John Riggi, AHA senior advisor for cybersecurity and risk (pictured above), sat down with AHA Today to share takeaways from a recent Senate Cybersecurity Caucus briefing on cybersecurity and health care. Criminal and nation state cyber adversaries are adopting more sophisticated tactics, such as targeted ransomwareattacks, which can shut down and encrypt both a hospital’s main information networks and its backup data, Riggi notes. This can directly impact public health and safety by forcing hospitals to cancel medical procedures and divert ambulances, while making it harder to restore care delivery operations without paying hackers to release the data.
Q: Why are data breaches a growing threat?
A: We know criminal hackers target data-rich health records to engage in lucrative fraud schemes. We also know that adversarial nation states such as China, Russia, Iran and North Korea target medical records to identify and target individuals with access to sensitive data, such as classified information or intellectual property.
Q: Why do cyber criminals target health care?
A: In comparison to other sectors, data from the health field often include a combination of data sets such as financial data and personally identifiable information, making health records more valuable to cyber thieves. Simply put, hackers target health care because these combined data sets make it is easier for bad actors to monetize medical records – either through sale on the dark web or through lucrative fraud schemes such as false medical billing and identity theft.
Q: Are all health care data breaches attributable to hackers?
A: Not all breaches are attributable to hackers. Some breaches, such as those reported to the Health and Human Services Office of Civil Rights, are due to insider threats and accidental exposure of health records; for instance, if staff look at records they shouldn't or email [accidentally] unencrypted health records.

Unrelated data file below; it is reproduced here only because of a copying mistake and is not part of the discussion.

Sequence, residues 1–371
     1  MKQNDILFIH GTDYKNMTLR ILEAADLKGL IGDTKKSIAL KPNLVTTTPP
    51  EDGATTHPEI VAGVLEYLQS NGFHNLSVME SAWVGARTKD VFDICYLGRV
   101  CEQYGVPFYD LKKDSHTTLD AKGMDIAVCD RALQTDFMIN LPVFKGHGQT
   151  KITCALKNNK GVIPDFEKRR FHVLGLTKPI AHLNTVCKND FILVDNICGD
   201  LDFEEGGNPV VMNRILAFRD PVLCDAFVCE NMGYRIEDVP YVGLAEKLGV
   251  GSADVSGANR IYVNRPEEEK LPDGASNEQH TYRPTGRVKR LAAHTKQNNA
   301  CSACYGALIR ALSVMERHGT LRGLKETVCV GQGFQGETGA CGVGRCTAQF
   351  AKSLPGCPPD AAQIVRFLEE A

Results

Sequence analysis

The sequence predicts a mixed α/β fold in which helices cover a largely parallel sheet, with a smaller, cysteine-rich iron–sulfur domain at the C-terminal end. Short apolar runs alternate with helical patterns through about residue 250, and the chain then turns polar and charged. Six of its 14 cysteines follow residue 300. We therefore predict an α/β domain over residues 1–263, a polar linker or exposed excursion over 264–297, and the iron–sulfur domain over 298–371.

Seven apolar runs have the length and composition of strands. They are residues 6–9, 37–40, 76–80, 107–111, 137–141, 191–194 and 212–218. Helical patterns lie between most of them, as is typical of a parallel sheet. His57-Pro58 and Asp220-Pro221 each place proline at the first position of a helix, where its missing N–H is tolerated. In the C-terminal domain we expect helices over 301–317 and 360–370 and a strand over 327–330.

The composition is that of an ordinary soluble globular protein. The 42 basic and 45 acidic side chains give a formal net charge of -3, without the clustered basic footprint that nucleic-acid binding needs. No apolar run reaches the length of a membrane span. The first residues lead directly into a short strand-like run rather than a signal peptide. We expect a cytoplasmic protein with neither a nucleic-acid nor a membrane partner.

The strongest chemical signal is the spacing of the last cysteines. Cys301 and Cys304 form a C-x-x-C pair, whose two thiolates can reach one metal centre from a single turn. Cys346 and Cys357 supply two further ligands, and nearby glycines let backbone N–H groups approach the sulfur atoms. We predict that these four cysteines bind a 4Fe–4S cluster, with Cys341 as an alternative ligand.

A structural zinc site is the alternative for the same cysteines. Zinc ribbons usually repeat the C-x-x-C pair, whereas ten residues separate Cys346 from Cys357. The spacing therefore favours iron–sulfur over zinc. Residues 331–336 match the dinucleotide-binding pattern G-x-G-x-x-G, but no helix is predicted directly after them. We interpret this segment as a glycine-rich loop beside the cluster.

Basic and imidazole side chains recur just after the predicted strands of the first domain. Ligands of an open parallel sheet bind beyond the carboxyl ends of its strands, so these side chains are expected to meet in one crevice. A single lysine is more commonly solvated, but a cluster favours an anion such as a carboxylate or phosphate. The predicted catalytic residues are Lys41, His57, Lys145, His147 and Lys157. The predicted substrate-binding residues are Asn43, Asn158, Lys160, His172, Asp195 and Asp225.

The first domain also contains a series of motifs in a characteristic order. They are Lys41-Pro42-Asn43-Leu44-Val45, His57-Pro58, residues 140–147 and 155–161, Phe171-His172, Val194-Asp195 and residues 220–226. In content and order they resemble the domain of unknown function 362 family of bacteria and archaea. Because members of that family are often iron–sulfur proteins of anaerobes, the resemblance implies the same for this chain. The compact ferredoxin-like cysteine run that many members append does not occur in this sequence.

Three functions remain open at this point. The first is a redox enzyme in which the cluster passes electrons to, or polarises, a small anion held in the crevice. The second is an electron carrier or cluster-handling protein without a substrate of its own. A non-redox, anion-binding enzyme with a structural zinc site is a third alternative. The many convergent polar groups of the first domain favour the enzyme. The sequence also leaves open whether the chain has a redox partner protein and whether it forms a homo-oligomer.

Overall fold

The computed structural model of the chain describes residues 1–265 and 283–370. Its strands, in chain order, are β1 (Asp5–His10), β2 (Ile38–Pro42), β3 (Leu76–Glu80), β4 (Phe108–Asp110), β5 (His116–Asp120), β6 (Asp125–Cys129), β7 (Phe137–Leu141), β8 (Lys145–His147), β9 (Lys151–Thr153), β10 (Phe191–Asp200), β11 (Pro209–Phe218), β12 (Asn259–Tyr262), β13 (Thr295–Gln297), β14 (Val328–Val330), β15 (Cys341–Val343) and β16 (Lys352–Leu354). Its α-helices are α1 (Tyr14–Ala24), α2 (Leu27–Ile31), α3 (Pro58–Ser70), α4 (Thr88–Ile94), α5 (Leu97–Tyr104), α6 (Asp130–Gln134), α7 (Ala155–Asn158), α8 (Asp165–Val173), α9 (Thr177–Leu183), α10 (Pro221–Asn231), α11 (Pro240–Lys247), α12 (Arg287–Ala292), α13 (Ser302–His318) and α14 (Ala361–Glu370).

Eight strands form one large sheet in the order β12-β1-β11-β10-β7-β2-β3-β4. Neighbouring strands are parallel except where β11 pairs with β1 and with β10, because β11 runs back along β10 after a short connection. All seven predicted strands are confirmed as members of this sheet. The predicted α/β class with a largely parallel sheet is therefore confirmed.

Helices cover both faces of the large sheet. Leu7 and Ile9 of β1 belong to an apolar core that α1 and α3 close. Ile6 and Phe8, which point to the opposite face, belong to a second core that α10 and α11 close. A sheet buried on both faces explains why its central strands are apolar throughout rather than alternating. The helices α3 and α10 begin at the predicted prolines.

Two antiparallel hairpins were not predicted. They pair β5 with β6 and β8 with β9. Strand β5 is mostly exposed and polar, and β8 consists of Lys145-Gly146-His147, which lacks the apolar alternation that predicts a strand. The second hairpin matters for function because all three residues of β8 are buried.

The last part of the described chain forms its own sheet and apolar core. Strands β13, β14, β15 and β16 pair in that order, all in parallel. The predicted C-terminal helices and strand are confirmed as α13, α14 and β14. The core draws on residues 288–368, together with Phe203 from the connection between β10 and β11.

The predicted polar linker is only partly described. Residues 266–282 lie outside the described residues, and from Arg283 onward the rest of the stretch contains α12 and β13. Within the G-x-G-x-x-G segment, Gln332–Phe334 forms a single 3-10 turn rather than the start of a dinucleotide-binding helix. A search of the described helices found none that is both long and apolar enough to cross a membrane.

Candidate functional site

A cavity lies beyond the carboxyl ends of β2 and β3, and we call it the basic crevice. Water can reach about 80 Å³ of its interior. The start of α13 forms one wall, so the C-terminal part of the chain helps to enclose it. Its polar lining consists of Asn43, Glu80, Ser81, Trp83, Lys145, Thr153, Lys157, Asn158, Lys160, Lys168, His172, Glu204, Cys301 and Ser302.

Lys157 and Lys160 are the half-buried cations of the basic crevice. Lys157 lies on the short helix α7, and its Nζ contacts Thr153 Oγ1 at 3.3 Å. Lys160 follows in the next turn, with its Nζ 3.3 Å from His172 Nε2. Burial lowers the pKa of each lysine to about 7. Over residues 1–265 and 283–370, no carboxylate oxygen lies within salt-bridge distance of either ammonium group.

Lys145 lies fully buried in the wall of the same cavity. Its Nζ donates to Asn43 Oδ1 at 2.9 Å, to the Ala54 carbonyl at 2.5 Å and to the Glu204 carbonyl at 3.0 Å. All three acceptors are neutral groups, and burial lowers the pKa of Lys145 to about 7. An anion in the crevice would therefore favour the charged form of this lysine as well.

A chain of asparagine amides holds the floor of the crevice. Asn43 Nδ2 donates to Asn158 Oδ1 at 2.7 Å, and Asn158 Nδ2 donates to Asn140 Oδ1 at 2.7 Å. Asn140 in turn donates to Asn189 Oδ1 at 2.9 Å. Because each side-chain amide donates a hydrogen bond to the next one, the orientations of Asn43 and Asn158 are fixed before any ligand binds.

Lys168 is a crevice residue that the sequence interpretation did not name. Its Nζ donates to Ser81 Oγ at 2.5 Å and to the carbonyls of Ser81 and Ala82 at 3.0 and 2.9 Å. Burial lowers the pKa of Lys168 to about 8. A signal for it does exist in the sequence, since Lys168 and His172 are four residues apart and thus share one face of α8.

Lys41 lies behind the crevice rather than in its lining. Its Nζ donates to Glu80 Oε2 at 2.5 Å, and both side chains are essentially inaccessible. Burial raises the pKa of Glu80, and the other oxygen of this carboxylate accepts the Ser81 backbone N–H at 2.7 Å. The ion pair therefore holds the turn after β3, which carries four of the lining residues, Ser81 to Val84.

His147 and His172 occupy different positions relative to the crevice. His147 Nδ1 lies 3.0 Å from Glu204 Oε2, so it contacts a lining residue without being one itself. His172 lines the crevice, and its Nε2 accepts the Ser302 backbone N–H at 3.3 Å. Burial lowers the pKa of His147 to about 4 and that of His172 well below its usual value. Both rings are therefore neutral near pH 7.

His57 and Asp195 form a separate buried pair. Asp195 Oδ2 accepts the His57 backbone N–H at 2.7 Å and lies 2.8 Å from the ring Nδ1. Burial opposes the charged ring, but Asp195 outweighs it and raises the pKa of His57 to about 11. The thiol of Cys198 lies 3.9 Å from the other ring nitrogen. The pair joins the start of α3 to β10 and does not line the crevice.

Q: What can hospitals and health systems do to protect patient records?
A: It is essential for hospitals and health systems to create a top-down culture where every member of the staff feels empowered and obliged to protect patients and data from cyber threats. The AHA encourages hospitals and health systems to prioritize cyber risks based on their potential to impact: 1) care delivery and patient safety; 2) security and privacy of patient and other sensitive data; and 3) business functions. It also is important to map and classify all data, systems, devices, endpoints and vendors, and implement tight controls around data storage and access, especially backup systems, to reduce the risk of compromised protected health information and the threat of ransomware.
Q: How can patients be more proactive and knowledgeable to protect their own health records?
A: Patients can do a few things to protect their health data. They should understand how and to whom they grant access to their medical records; read consent agreements carefully; and store their medical records in secure physical or electronic environments.